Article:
Enhancing employee morale and loyalty
Lastly, the same study in IJERPH highlights that a workplace culture prioritizing health is associated with higher job satisfaction, retention, and work engagement. Employees who feel that their well-being is genuinely cared for are more likely to exhibit greater loyalty and dedication to the company. A comprehensive smoking cessation program is a great start to show employees that the company has put care and thought into their wellness.
Strategies for implementing smoking cessation programs
Recognizing the need to go beyond tokenistic smoking cessation programs, implementing a program demands a holistic approach. For starters, smoking cessation programs should encompass a robust strategy to address the physiological aspect of tobacco use.
Notably, not all smoking alternatives are equal, so companies must provide comprehensive information on suitable choices that help smokers wean off nicotine. This should have a variety of strengths and flavors, with easy go-to options for beginners. Flavored nicotine pouches are one of the best-selling products for smoking cessation in the United States, containing 6mg of nicotine that’s suitable for the average to heavy smoker. Its notes of menthol are appropriate for young and older adults, making it an excellent option for companies to include in a trade-in program, wherein employees can voluntarily surrender their cigarettes and e-cigarettes in exchange for a smoking alternative. Such efforts help reduce employee financial concerns and make accessing alternatives easier.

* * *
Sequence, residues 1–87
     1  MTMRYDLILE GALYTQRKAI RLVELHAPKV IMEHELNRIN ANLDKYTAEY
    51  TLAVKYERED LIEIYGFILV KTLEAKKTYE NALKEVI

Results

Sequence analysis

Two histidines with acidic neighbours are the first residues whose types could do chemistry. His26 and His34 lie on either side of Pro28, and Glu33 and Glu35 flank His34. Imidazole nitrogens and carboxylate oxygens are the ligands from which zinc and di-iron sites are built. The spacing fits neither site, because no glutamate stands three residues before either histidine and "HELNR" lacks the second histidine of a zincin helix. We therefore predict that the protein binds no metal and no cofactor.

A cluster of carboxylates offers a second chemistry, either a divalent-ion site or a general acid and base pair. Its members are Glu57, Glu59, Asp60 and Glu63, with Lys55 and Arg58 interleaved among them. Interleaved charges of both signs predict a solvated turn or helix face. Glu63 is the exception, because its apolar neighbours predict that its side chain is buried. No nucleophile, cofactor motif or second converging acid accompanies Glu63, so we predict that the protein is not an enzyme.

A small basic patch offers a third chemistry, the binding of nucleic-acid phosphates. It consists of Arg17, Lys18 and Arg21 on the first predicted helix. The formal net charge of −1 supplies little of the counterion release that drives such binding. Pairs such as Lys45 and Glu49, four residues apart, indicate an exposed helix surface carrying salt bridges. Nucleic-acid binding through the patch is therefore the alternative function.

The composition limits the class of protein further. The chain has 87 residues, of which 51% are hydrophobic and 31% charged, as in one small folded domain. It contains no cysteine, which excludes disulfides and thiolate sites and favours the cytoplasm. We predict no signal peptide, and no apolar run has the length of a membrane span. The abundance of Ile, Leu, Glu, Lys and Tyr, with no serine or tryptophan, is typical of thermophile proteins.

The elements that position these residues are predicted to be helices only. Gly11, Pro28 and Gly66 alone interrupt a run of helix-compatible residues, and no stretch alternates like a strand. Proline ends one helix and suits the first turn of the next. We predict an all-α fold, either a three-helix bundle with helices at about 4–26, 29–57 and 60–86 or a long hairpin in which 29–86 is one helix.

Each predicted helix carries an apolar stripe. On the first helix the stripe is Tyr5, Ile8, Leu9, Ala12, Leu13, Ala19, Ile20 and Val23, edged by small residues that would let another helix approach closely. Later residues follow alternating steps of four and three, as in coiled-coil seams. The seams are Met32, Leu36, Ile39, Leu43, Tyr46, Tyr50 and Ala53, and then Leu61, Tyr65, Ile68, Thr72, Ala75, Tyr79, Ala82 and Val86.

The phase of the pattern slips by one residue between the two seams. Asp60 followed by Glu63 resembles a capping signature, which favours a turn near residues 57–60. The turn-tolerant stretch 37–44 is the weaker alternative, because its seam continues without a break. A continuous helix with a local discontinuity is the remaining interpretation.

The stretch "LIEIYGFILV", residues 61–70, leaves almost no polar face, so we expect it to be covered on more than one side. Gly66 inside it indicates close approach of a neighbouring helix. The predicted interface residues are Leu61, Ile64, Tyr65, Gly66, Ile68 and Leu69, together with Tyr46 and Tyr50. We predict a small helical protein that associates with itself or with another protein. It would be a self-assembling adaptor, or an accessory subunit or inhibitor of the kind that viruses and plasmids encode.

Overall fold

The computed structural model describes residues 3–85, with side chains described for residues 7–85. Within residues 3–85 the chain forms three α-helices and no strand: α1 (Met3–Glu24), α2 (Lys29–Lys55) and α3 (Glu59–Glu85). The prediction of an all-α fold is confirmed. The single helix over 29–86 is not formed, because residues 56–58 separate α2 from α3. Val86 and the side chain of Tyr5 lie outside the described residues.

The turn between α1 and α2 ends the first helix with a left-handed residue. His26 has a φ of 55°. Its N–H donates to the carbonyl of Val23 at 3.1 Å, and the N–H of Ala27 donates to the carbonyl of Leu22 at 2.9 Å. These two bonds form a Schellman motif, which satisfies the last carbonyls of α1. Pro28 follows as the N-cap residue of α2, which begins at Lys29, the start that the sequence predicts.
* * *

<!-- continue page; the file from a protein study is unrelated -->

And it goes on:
Moreover, recognizing the dependence-related challenges associated with smoking cessation is pivotal. Smoking is often intertwined with coping techniques, making counseling a valuable component of a holistic program. To illustrate, a post on cessation shows that an intervention that incorporated smoking alternatives, like the QuitGo nicotine-free soft tips, along with varenicline and psychological support, was more beneficial. This resulted in a significantly higher likelihood of successful cessation at week 24 among smokers and, more importantly, those grappling with work-related stress symptoms.
Acknowledging the interconnected nature of psychological well-being and smoking habits means that companies have to address the root causes of smoking among employees, too. As emphasized by author Jeffrey Pfeffer, individual behaviors like smoking are related to the workplace-induced stress that individuals go through. Therefore, workplace well-being initiatives should concentrate on preventing the stress-inducing aspects of work environments in the first place. This can mean considering reasonable working hours, a positive workplace environment, and an extensive benefits package, including health insurance. By understanding work-related stress symptoms, companies can create an environment that supports smoking cessation and takes accountability for the overall well-being of their workforce.
As we navigate the complexities of the modern workplace, investing in smoking cessation emerges not only as a financial necessity. It becomes a testament to an organization’s commitment to the well-being of its most valuable asset — its workforce.